As we walk with chins up, faces directed toward the Son, we won't see or have to deal with the pettiness of life, represented by the hundreds of seashells I was so fixated on. As we focus on Him, the things of life can be stepped over like those shells. (I know, easier said than done. Trust me I'm trying to preach to the choir here...ME!) Is it possible that some of those seashells of life will just go away? I think so!" from pg. 224-225 of Choosing to See

The passage goes on. I appreciate so much Mary Beth's honesty with herself and the reader. It is clear from the tone of the book that she isn't preaching at anyone--she's speaking as much to herself as anyone else. I think this is a very good book for anyone who has lost a child or sibling to read. It is also a very good book to read if you or a loved one lives with depression. Depression is tiptoed around inside the church and many people don't understand it. This makes it difficult when people you love live with depression. Two of my family members lived with depression when I was growing up. As for me, I did not take medication, but I feel I should have after the birth of my last child for post partum depression. I understand. Mary Beth's story is an important one. What spoke to me about her story was how God has used this struggle in her life.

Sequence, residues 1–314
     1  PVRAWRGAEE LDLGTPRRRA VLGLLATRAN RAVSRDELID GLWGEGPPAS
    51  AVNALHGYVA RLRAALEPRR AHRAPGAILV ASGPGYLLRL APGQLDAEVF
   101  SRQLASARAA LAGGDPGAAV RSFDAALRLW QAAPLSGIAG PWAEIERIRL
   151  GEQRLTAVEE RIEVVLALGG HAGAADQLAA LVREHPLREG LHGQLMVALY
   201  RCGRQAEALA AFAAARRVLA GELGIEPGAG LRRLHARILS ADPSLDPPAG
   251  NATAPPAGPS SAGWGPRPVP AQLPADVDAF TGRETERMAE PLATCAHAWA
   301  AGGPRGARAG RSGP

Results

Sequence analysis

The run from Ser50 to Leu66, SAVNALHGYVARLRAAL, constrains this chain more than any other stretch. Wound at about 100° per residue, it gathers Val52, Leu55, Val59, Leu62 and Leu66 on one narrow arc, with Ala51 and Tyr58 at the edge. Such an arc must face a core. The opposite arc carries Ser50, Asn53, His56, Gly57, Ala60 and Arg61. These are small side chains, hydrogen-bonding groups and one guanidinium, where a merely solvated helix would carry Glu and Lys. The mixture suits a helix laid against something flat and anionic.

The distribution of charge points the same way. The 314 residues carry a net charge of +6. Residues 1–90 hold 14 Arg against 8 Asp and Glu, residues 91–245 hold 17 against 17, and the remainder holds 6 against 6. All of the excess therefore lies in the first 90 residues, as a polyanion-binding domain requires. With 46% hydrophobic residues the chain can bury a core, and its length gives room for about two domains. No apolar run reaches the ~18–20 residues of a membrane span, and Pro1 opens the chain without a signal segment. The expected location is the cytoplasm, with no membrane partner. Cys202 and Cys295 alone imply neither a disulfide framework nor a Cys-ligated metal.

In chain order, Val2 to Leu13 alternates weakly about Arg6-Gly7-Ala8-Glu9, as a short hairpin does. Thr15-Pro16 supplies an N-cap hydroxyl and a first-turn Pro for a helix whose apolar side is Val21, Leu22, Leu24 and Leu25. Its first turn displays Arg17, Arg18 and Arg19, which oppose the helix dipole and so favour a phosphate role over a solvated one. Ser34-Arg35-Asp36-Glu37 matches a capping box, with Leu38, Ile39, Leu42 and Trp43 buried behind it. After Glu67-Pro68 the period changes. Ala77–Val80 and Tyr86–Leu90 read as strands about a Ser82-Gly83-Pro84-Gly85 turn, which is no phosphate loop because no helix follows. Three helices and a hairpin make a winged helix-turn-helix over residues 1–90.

One of the aspects of depression is a zest for something--for with downs always come the ups. Mary Beth's passion is for adoption. It was encouraging to read about how God gave her this passion and has used it in her life, the lives of her family, and in the lives of her friends and in ministry. What a blessing! Truly in our weakness we are made strong. God works in all things. It is always good to be reminded of this.

This is one of the best books I've read in a long time. Once you pick it up, it will be hard to put down.

Please note that I received a complimentary copy of this book for review from Revell Publishing.
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16 of 16 people found the following review helpful
on August 8, 2010